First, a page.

The STEM and Us TargetJobs Breakfast Conference Write Up

Yesterday our Graduate Team took pride in attending the ‘STEM and Us’ graduate focused Breakfast Conference with TargetJobs.

The conference took place at the trendy Quaglino’s restaurant in London and got started with a delicious breakfast that was served to an audience of graduate recruiters. The main event was held by four brilliantly talented individuals who work to supportthe Science, Technology, Engineering and Mathematics (STEM) industry. The topical debate over the future of STEM skills in the UK was approached with humour, experience and some hard hitting facts.

The majority of the presentations revolved around the STEM skill shortage epidemic; stating the worrying reality that we need 104,000 new STEM graduates every year until 2015, but are annually falling short of this figure by 40,000 graduates.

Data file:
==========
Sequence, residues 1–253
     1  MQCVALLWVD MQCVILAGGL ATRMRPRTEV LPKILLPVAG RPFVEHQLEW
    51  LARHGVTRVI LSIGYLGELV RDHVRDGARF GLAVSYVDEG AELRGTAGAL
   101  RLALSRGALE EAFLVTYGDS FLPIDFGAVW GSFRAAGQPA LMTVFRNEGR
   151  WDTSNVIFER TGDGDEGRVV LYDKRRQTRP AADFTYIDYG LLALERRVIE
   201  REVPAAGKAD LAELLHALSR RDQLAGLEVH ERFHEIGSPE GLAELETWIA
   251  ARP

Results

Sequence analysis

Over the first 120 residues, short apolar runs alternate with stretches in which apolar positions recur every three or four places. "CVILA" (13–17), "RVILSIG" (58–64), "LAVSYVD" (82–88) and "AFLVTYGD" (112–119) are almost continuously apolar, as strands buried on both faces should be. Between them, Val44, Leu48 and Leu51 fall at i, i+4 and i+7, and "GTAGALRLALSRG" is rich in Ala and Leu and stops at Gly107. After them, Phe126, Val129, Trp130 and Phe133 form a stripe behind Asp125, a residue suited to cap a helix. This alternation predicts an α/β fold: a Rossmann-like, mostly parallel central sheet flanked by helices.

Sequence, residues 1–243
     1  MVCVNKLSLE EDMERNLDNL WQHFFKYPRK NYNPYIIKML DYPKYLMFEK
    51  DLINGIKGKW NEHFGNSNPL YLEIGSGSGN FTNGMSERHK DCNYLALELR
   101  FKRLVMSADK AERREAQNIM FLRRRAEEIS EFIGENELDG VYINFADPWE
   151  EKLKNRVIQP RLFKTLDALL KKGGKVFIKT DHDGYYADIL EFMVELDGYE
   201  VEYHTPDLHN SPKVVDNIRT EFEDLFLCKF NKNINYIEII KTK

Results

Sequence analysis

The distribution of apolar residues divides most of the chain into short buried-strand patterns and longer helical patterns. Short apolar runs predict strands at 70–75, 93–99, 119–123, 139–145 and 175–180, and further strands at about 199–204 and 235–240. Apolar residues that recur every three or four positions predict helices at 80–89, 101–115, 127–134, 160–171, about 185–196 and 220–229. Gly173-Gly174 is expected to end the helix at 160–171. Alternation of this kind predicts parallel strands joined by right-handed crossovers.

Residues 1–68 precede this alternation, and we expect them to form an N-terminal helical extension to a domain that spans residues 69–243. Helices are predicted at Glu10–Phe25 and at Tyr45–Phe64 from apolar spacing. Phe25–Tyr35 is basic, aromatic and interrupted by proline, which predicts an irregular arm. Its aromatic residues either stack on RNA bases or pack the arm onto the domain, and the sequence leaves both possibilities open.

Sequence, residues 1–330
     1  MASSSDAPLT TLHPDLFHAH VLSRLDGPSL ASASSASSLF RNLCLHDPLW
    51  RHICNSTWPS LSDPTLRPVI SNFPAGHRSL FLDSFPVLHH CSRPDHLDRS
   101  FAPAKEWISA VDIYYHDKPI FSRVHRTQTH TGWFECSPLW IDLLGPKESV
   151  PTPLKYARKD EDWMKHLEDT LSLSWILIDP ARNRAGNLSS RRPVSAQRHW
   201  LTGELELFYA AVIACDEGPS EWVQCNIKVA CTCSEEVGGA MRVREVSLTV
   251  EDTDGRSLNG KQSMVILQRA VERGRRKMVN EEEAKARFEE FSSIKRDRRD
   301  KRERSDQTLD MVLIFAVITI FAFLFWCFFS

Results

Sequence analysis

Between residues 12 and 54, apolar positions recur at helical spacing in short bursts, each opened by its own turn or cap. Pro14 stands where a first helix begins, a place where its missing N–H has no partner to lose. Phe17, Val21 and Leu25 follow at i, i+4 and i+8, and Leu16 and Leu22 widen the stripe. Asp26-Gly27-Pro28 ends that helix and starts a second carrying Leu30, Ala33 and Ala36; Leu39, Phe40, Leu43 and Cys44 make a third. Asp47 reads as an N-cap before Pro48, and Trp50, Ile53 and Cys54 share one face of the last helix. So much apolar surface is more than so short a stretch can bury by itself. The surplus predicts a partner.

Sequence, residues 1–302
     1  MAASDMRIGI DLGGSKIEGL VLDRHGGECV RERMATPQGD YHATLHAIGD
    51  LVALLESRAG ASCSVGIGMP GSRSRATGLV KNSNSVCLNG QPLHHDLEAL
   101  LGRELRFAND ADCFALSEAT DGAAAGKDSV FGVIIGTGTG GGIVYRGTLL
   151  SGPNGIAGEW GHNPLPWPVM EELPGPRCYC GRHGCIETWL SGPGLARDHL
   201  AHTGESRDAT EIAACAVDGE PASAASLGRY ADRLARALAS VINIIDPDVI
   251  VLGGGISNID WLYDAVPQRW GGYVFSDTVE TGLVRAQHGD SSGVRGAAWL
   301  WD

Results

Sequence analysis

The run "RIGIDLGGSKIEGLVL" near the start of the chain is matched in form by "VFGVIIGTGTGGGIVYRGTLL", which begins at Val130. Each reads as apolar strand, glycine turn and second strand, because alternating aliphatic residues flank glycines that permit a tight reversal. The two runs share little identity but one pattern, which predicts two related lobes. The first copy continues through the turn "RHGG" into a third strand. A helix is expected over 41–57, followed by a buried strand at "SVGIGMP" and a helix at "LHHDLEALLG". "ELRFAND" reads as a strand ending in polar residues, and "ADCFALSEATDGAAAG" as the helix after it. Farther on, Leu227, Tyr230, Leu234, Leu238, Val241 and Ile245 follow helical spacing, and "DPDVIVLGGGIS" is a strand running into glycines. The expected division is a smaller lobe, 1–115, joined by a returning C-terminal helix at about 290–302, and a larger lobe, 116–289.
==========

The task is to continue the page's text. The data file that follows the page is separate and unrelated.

The main focus of this meeting was to discuss how we can bridge this deficit. Criticisms were made about our current education system, the national marketing of STEM skills and the imposing threat of non-STEM industries that seem to be attracting our brightest young talent.

Marcus Body, Head of Research at Work Group, controversially suggested that the skill shortage is a misperception of our current situation. Our country has thousands of talented individuals who can easily fulfil our workforce need. The UK’s real issue is that companies are unwilling to hire inexperienced graduates and are not adapting their criteria when recruiting in areas with high skill shortages.

Which begs the question; in a period of skill shortage,  – how can we get these graduates the necessary experience?

There is much to be discussed about this incredible morning. I cannot begin to explain in this post all the thought provoking concepts that were discussed. However, we will shortly be adding more blog posts and discussing the events of yesterday in greater detail.

The STEM skill shortage topic isn’t over, and we want you to join in the conversation. So get involved on our graduate Twitter and Facebook sites.

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